Intensive Telephone-Based Cessation Counseling Results in Improved Smoking Quit Rates

A cigarette stands on end, nearly burned to ashes
(Image by Mathew MacQuarrie on Unsplash)

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WASHINGTON (July 12, 2022) — Offering intensive, weekly telephone-based cessation counseling along with nicotine replacement for people who smoke and who were undergoing screening for lung cancer resulted in over a twofold greater cigarette quit rate compared to people who received minimal counseling and nicotine replacement, according to results of a national, randomized trial conducted by investigators at Georgetown Lombardi Comprehensive Cancer Center and colleagues.

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Karen Teber

The findings appeared July 12, 2022, in JNCI and will be presented at the 2022 World Conference on Lung Cancer in Vienna, Austria, in August 2022.

People with a long-term smoking history are at high risk for lung cancer. Screening with computed tomography (CT) scans can potentially detect lung nodules early so that the disease can be treated in its less advanced stages. When undergoing CT screening, people are routinely offered cessation support, including counseling and nicotine replacement, to help them quit.

Dr. Kate Taylor
Kathryn L. Taylor, PhD

“Quitting smoking is very difficult, and people who seek medication and support are more successful than those who try to quit on their own,” says Kathryn L. Taylor, PhD, professor in the Department of Oncology and a member of the Georgetown Lombardi Comprehensive Cancer Center’s Cancer Prevention and Control Program, and corresponding author of the study. “Importantly, making a quit attempt while undergoing lung screening may provide a boost to one’s motivation to stop smoking.”

The Georgetown Lung Screening, Tobacco, and Health trial randomized 818 people between 50 to 80 years of age with a 20-plus pack year smoking history (e.g., smoking two packs a day for a 10-year period equals 20 pack years). Enrollees at eight lung screening sites nationwide were randomly assigned to either intensive phone counseling of eight 20-minute sessions along with up to eight weeks of nicotine patches, or three counseling sessions and two weeks of patches, which is similar to what many state tobacco quitlines currently offer people who call seeking assistance with quitting.

During the counseling sessions, tobacco treatment specialists discussed smoking-related goals, nicotine patch use, strategies to address triggers for smoking, readiness to quit, and confidence and motivation to quit.

Dr. Randi Williams
Randi M. Williams, PhD, MPH

“Tobacco treatment specialists met participants where they were in their readiness to quit — which ranged from not being ready to make any changes at the moment, but willing to talk about smoking, versus being very ready to quit and wanting specific ideas for making changes to their smoking habits,” notes Randi M. Williams, PhD, MPH, assistant professor in the Department of Oncology at Georgetown and second author of the study.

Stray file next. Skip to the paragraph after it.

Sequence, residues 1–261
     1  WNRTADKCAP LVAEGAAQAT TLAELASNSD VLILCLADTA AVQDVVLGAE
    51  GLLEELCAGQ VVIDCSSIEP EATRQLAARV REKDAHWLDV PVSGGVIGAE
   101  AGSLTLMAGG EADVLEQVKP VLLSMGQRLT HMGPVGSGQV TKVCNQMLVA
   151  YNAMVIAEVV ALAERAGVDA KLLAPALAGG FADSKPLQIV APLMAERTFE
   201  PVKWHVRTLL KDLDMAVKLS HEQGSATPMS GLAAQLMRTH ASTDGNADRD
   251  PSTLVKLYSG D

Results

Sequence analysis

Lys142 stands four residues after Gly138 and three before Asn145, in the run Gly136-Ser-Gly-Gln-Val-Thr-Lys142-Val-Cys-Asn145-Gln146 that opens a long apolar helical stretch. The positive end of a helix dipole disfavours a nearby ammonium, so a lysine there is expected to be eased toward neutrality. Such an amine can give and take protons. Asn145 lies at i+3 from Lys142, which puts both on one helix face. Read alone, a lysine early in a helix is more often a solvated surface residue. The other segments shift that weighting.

Self-reported three-month quit rates were significantly higher in the intensive vs. minimal groups (14.3% vs. 7.9%). Importantly, quit rates that were verified by saliva strips or carbon monoxide tests were lower, but with similar relative differences between groups (9.1% vs. 3.9%) of about two to one. Compared to the minimal arm, the intensive arm was more effective at spurring cessation among people with greater nicotine dependence (about a 3 1/2 times greater benefit), normal screening results (over a 2 1/2 times greater benefit), high engagement in counseling (a three times greater benefit) and patch use (a nearly three times greater use).

Bolstering the value of intensive counseling for smoking cessation was a companion article appearing concurrently in JNCI Cancer Spectrum and led by researchers at the University of Michigan. The researchers found that even modest cessation rates achieved with intensive telephone counseling and nicotine replacement in the study group of people currently smoking and receiving lung screening led to savings in costs and lives compared to screening alone and would therefore be considered very cost-effective.

“Although the quit rates were modest overall, when comparing three-month and 12-month outcomes, both groups maintained the quit rates over time,” says Taylor. “Our next step is a planned trial with enhanced interventions and strategies to increase enrollment and treatment engagement among people undergoing lung screening in a large health care system, including underserved racial and ethnic minority groups, uninsured patients, and people not ready to quit.”

In addition to Taylor and Williams, the other authors from Georgetown include Tengfei Li, George Luta, Laney Smith, Kimberly M. Davis, Tania Lobo, Jeanne Mandelblatt, Jinani Jayasekera and Eric D. Anderson. Cassandra Stanton is at Westat, Rockville, Maryland; Raymond Niaura and David Abrams are at New York University, New York; Rafael Meza, Jihyoun and Jeonand Pianpian Cao are at the University of Michigan, Ann Arbor.

This study was supported by National Cancer Institute (NCI) grants R01CA207228 and R01CA207228-S1 as part of the NCI’s Smoking Cessation at Lung Examination (SCALE) collaboration.

The authors report having no personal financial interests related to the study.